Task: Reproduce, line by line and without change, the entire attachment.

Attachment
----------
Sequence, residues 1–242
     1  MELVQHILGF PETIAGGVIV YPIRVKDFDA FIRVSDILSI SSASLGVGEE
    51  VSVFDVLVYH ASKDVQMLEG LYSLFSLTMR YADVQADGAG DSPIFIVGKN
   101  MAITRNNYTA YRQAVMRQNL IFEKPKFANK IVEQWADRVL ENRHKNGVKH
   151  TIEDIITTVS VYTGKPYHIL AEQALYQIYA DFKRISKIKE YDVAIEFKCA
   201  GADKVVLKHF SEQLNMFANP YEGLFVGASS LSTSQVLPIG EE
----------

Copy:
Sequence, residues 1–242
     1  MELVQHILGF PETIAGGVIV YPIRVKDFDA FIRVSDILSI SSASLGVGEE
    51  VSVFDVLVYH ASKDVQMLEG LYSLFSLTMR YADVQADGAG DSPIFIVGKN
   101  MAITRNNYTA YRQAVMRQNL IFEKPKFANK IVEQWADRVL ENRHKNGVKH
   151  TIEDIITTVS VYTGKPYHIL AEQALYQIYA DFKRISKIKE YDVAIEFKCA
   201  GADKVVLKHF SEQLNMFANP YEGLFVGASS LSTSQVLPIG EE